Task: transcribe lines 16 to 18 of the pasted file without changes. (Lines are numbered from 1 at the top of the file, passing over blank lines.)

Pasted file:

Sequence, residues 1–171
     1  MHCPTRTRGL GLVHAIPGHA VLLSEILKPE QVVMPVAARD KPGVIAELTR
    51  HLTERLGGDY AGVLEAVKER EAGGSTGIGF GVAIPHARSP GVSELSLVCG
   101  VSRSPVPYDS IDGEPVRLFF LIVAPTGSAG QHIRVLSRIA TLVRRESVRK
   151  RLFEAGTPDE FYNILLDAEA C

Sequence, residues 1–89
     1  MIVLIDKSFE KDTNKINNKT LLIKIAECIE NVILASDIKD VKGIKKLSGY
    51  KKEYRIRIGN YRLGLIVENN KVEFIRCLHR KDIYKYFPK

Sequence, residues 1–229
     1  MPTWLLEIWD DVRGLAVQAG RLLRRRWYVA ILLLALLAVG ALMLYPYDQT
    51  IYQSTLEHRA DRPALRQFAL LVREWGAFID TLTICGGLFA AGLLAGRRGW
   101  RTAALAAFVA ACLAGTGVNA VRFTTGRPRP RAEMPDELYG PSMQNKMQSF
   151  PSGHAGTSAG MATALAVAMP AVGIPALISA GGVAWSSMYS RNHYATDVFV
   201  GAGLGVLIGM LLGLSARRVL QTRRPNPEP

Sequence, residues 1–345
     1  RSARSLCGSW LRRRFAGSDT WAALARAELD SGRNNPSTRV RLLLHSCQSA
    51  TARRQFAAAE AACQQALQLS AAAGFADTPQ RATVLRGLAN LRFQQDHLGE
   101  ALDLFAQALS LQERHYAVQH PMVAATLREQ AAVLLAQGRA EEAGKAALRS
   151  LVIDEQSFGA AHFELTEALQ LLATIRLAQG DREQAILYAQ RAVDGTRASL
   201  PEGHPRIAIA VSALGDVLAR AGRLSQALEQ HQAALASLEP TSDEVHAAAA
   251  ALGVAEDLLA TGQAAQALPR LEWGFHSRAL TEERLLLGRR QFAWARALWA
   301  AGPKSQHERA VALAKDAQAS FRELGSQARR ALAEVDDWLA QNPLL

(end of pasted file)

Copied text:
     1  RSARSLCGSW LRRRFAGSDT WAALARAELD SGRNNPSTRV RLLLHSCQSA
    51  TARRQFAAAE AACQQALQLS AAAGFADTPQ RATVLRGLAN LRFQQDHLGE
   101  ALDLFAQALS LQERHYAVQH PMVAATLREQ AAVLLAQGRA EEAGKAALRS